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New PPO music director reaches out to Filipino audience

September 10, 2010 12:04pm
Philippine Philharmonic Orchestra Music Director Oliver Ochanine.
Orphaned for almost two years, the Philippine Philharmonic Orchestra (PPO) begins its latest season starting Sept. 10 with a new music director selected by the management of the Cultural Center of the Philippines (CCP) last summer.

French-American Maestro Olivier Ochanine, who was chosen after an international audition in June 2009, debuts with the orchestra’s 28th concert season for 2010-2011 on the theme “Bold Strokes, New Growth."

Ochanine, 30, opens the eight-month season with “La Musique Française" featuring Japanese violist from the Seattle Symphony Sayaka Kokubo, who performs Berlioz’s Harold in Italy. The Sept. 10 concert also features Milhaud’s rarely performed Le Boeuf sur le Toit, Honegger’s Pastorale d’Ete, and Ravel’s well-loved Bolero.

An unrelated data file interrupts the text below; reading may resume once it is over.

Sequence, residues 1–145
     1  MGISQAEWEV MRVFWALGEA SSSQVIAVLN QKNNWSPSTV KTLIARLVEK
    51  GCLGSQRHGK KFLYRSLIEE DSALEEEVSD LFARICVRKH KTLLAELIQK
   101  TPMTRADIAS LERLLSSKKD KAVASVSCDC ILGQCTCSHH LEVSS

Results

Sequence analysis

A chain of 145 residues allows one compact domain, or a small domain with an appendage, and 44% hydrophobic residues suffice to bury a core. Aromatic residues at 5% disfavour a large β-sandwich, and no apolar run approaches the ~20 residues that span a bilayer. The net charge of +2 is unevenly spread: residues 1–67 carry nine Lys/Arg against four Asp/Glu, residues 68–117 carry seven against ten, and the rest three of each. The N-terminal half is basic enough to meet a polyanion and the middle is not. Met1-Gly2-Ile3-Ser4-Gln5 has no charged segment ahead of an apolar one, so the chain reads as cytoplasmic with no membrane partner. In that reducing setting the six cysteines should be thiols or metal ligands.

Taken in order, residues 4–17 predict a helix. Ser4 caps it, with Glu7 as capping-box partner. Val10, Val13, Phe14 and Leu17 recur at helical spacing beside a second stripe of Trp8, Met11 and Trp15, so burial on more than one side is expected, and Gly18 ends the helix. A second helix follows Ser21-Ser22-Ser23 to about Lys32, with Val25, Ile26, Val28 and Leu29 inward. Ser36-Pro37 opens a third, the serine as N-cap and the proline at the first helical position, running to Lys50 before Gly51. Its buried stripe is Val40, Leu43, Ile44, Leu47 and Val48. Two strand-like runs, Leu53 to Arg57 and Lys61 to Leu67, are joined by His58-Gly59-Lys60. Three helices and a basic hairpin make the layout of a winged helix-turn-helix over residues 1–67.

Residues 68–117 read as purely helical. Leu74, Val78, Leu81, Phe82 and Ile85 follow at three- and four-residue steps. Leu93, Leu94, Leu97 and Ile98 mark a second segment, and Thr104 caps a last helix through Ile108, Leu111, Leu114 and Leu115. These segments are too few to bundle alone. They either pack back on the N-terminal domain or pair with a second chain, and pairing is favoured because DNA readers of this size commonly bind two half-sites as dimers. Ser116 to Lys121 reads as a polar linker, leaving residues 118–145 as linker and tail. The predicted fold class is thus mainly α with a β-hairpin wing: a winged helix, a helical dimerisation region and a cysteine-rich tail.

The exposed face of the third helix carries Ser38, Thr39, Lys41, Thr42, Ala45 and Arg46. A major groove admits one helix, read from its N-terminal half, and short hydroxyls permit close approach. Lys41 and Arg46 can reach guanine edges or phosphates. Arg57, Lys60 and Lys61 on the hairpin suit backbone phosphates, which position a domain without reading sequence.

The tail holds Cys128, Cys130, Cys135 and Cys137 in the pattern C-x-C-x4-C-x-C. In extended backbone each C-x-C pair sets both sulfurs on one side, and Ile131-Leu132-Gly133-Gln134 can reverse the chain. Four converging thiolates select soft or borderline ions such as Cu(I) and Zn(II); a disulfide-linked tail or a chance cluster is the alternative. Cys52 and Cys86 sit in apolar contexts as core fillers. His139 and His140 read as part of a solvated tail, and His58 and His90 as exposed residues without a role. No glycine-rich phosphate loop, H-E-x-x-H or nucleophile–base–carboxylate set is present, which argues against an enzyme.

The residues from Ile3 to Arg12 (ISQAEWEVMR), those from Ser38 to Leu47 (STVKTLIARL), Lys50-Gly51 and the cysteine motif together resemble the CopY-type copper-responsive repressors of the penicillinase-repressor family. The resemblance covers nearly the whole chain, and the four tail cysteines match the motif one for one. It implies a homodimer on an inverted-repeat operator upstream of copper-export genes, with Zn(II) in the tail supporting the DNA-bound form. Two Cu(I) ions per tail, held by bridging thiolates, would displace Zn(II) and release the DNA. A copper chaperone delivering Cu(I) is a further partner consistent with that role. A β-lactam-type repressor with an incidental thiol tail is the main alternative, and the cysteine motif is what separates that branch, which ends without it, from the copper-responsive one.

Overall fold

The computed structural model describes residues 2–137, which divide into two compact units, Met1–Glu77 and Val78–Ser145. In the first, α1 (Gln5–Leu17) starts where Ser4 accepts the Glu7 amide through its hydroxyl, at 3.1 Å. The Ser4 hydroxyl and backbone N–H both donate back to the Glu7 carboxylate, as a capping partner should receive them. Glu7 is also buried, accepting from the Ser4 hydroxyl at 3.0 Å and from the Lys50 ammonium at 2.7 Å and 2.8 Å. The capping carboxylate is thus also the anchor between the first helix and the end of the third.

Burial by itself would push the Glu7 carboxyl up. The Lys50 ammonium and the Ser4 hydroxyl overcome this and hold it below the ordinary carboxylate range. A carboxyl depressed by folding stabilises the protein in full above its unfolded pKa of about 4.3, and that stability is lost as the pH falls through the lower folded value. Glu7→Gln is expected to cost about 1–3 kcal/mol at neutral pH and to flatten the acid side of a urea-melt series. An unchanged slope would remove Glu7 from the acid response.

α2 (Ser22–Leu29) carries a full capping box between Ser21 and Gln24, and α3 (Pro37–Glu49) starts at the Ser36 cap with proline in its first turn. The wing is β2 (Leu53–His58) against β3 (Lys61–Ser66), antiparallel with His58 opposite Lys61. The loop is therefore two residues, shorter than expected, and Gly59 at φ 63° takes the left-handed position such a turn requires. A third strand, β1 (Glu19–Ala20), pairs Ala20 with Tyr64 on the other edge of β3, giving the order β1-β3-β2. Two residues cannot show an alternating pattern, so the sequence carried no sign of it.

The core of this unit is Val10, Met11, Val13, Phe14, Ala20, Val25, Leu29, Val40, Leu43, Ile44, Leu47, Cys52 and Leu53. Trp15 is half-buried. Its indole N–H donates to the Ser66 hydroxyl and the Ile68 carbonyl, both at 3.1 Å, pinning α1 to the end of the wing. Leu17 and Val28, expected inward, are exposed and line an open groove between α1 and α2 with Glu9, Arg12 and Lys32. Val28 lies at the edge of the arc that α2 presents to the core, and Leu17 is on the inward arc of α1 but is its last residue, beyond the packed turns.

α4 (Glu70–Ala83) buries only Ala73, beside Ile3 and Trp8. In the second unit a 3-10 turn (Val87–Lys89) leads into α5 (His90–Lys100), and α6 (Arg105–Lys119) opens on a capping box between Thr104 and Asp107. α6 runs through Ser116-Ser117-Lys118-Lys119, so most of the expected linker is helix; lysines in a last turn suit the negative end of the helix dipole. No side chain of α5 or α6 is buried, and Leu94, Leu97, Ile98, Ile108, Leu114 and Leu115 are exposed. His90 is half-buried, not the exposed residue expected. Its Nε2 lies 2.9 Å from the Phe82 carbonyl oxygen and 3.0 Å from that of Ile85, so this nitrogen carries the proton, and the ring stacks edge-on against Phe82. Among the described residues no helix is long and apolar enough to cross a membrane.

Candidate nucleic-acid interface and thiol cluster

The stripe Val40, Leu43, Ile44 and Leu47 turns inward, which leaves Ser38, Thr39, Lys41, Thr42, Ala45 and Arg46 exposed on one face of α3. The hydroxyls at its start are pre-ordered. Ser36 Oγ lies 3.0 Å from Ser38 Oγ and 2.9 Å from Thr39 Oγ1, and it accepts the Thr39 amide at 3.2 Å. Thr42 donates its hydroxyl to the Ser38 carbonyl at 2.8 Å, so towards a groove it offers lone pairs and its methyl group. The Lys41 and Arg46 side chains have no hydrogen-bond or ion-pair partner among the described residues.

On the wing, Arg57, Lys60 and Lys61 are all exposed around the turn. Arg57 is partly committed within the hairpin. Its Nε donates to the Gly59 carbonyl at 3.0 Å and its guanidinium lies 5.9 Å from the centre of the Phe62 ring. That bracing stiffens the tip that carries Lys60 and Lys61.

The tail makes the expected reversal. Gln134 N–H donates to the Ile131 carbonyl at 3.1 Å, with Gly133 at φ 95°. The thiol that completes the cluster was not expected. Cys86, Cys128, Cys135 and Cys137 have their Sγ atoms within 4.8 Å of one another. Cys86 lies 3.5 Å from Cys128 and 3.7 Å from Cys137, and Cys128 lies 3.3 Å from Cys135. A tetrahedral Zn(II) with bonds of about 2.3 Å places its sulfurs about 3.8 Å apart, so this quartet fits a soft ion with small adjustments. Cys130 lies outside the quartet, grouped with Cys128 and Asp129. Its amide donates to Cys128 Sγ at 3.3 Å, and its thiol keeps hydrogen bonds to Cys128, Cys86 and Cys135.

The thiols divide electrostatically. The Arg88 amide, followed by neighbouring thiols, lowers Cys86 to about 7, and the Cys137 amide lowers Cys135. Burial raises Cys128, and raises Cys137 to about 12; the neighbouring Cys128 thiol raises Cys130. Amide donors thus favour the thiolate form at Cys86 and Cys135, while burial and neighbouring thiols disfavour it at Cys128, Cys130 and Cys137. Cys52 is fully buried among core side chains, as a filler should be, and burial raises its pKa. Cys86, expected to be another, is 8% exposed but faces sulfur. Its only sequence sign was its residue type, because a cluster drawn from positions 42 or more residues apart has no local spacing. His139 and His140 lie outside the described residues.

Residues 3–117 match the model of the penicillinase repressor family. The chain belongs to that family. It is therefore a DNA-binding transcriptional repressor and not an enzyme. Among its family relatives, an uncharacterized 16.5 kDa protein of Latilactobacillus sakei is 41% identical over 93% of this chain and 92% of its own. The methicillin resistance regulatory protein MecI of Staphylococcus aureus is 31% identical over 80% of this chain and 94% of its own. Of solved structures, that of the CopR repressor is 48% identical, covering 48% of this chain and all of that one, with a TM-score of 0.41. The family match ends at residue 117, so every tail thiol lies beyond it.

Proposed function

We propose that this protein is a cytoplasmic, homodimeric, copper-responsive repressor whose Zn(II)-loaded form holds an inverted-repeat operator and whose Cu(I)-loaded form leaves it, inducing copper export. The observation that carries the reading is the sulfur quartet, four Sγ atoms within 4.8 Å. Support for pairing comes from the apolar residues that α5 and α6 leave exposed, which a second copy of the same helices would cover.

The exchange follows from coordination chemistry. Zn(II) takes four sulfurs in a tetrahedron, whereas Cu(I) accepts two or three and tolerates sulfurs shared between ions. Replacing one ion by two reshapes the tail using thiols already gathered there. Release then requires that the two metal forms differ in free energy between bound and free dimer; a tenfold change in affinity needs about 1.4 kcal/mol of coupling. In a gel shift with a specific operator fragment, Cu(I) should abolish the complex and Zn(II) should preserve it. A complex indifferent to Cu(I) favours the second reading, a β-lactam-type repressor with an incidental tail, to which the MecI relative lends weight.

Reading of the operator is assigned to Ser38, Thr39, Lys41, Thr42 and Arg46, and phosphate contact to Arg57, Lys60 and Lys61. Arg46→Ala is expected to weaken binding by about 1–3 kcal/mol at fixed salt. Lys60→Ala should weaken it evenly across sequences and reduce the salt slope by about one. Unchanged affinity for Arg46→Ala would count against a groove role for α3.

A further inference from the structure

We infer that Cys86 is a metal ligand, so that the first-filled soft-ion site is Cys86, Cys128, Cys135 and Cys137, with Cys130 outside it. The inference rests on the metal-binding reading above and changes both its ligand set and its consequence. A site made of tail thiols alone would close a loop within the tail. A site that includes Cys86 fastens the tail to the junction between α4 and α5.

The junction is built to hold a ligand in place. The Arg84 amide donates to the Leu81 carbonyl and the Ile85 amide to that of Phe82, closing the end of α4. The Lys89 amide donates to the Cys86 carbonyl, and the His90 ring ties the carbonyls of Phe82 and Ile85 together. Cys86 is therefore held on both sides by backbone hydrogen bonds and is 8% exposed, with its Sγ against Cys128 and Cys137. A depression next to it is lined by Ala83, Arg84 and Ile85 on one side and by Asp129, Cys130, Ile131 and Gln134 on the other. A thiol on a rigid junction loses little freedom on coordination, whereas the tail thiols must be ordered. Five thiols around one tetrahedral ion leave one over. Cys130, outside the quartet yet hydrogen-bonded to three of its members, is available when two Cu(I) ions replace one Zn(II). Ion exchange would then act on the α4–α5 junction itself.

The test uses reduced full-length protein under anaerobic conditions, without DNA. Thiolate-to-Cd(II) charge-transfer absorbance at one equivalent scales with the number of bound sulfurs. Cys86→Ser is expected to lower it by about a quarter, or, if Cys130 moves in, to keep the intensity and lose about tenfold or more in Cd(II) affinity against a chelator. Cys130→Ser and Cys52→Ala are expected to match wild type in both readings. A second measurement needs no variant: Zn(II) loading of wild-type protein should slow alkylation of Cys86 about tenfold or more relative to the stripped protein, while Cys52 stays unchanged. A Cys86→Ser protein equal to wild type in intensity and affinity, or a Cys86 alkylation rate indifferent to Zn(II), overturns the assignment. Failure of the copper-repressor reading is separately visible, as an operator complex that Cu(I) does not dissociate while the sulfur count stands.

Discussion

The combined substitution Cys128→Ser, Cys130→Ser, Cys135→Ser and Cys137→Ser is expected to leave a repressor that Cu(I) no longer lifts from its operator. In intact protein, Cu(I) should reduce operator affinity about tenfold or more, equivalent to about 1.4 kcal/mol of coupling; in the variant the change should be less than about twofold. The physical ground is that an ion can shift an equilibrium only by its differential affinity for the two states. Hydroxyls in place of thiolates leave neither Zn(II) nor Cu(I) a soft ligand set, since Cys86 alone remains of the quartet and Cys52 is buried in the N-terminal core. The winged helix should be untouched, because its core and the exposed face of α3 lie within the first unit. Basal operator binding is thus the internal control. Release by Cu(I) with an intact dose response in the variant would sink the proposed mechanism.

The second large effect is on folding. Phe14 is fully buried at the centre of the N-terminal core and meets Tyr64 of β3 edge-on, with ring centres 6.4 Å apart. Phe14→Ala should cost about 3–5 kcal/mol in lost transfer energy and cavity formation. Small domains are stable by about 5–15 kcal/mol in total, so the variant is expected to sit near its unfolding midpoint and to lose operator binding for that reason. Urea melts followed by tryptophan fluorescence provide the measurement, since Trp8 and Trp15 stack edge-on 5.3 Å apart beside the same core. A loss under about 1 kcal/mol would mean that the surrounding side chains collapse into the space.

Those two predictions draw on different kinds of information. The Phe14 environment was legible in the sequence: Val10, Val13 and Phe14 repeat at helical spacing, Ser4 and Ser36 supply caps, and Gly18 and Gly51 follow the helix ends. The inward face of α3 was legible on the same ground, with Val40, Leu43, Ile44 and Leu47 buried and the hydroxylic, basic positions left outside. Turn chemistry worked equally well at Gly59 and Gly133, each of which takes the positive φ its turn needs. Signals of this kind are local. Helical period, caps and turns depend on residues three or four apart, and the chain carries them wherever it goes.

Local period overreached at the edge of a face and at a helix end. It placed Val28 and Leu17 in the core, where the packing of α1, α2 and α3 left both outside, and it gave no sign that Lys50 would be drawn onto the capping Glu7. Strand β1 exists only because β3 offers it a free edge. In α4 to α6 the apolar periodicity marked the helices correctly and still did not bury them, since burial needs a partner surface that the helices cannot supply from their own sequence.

He said the latest season will bring back well-known and well-loved composers. “We are not reinventing the wheel, although there will be time for that," he added.

“The Bold Strokes, New Growth season concert is really about me getting to know the Filipino audience. What do they know musically and what they do not know?" Ochanine said. The social networking site Facebook and the use of surveys are effective ways to know an audience, he said.

Ochanine plans to get to know the PPO “musically" as he goes along with his duties and responsibilities as its new musical director. “I have not faced anything like this before. Coming to the Philippines is an amazing part of my life. Here, I have a great job, a great audience. And I am really excited," he said.

Classical music for children